Over the Last 43 Years, Here's How Much Pollution We've Put Into the Air


While pollution and its effect on climate change may be international problems, not all countries are equally at fault.

Despite the changing international landscape and the rise of powerful industrial economies such in India and Russia, nearly half of the world's CO2 emissions can be squarely blamed on two countries: the U.S. and China.

The latter firmly cemented its leading status in 2007, although the U.S. emission levels are not looking any lower. Here is a map illustrating just how much CO2 emission these two countries dump on the rest of the world:

Image Credit: The Atlantic Cities/visualizing.org

Carbon emissions have been on the rise since 1971, with a steady annual increase of 2%. The global output is expected to rise by another 39% by 2030. In the U.S. alone, CO2 emissions have increased by 10% between 1999 and 2011.

How does that look compared to the rest of the world? Surprisingly enough, the global landscape of carbon emission has not changed much over the years. Here's a GIF simulating CO2 output in 1971:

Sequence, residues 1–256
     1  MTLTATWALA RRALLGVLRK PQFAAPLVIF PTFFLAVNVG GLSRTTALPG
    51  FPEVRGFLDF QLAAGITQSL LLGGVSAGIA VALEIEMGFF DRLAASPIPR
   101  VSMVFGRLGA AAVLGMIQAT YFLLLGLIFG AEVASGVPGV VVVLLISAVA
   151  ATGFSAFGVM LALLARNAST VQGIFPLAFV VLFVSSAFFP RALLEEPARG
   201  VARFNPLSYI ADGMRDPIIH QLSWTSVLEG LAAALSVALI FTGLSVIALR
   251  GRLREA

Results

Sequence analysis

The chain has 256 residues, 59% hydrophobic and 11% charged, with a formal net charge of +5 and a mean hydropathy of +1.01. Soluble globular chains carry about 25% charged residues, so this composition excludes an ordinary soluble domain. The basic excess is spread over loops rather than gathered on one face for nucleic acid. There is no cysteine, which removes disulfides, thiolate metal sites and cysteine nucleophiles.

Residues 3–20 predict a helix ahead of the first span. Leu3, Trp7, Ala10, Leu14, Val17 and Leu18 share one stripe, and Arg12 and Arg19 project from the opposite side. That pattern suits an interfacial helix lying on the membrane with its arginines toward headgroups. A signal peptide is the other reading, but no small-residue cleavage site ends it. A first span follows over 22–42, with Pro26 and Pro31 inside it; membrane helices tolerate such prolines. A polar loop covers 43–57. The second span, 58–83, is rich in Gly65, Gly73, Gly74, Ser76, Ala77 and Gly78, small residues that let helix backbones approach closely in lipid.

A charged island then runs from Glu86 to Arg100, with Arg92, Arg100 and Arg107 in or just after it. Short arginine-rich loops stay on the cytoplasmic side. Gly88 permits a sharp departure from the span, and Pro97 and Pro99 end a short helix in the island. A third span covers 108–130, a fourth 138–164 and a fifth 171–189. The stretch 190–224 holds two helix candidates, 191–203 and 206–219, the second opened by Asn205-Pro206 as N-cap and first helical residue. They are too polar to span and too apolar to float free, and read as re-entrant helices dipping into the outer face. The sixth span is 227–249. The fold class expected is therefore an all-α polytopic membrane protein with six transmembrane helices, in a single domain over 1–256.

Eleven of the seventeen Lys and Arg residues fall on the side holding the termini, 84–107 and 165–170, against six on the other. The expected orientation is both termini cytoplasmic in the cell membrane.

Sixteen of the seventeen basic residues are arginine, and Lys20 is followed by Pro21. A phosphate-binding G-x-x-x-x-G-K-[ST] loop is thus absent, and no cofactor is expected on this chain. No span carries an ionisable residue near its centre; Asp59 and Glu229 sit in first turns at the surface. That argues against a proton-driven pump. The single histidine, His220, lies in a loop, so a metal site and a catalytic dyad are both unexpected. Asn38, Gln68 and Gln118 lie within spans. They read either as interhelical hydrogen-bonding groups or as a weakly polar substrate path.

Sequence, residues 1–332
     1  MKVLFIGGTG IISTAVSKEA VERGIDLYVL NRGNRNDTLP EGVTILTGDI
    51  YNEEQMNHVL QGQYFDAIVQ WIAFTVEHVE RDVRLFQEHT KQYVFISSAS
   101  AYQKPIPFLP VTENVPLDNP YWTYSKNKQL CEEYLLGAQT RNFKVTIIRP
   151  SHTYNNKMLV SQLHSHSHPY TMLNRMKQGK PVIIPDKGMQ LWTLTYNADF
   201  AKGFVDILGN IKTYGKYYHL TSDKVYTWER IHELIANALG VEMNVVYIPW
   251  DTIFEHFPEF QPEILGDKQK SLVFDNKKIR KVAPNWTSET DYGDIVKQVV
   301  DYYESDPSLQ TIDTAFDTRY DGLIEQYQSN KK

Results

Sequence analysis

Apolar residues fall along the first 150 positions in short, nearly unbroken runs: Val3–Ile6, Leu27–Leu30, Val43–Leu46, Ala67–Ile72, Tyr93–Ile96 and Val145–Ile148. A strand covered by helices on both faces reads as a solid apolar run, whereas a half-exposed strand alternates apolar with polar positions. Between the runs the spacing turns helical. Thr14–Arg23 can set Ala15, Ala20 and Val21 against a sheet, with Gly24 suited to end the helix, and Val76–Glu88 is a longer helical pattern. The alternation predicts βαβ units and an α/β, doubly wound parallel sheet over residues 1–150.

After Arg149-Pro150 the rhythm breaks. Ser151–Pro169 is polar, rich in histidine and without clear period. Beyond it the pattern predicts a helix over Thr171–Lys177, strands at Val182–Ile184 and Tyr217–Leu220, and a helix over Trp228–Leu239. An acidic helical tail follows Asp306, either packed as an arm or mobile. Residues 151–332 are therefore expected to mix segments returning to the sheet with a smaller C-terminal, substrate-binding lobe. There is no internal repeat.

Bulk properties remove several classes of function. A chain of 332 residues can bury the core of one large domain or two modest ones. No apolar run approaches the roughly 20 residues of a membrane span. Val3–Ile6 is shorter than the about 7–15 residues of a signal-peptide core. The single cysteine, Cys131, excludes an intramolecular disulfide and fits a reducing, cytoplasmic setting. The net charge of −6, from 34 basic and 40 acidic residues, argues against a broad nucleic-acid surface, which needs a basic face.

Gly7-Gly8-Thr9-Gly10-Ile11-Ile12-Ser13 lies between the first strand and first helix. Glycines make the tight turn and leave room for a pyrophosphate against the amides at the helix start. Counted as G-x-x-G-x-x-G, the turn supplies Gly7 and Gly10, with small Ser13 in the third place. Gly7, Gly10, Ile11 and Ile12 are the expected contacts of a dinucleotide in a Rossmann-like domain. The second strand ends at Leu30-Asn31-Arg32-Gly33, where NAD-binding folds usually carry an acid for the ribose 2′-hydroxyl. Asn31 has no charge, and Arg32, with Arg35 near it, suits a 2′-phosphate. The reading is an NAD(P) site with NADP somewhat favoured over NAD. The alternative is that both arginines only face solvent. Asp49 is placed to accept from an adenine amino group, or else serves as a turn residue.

Image Credit: The Atlantic Cities/visualizing.org

Most of the carbon emissions are concentrated in North America, Europe and East Asia, with the only noticeable outlier being South Africa.

Now here is a version that illustrates how the carbon outputs look in 2011:

Image Credit: The Atlantic Cities/visualizing.org

The most obvious increase is in China, which is covered by the CO2 clouds. Other countries that increased their presence on the map include Russia, Brazil, Turkey, India and Australia, while western Europe significantly cut down its output. But other than a few noticeable additions and eliminations, the distribution of carbon emission across the world looks remarkably similar to how it did back in 1971.

In pie chart form, it becomes even more telling just how much impact the U.S. and China's CO2 dump has on the rest of the world:

Image Credit: EPA

In 2008, U.S. CO2 output was equal to India and 24 EU countries' combined output. As for China, it emitted as much CO2 as the U.S. and Japan combined.

China has been under a ton of pressure to deal with its insane air pollution problem, and it looks like its emissions may finally be slowing down. It's also drafting a comprehensive climate change bill to reform its energy policy. Chinese officials are considering a carbon tax, and by 2040, they want to reduce CO2 output by 40% of the 2005 levels.

But no matter how many doomsday scenarios are foretold, the U.S. remains frustratingly slow on curbing down carbon emission. Despite improved energy efficiency and increased popularity of alternative energy sources, the U.S. ended its recent CO2 decline streak with a 2% increase in 2013. But what can you expect from a country where politicians want to censor science and stop students from learning about climate change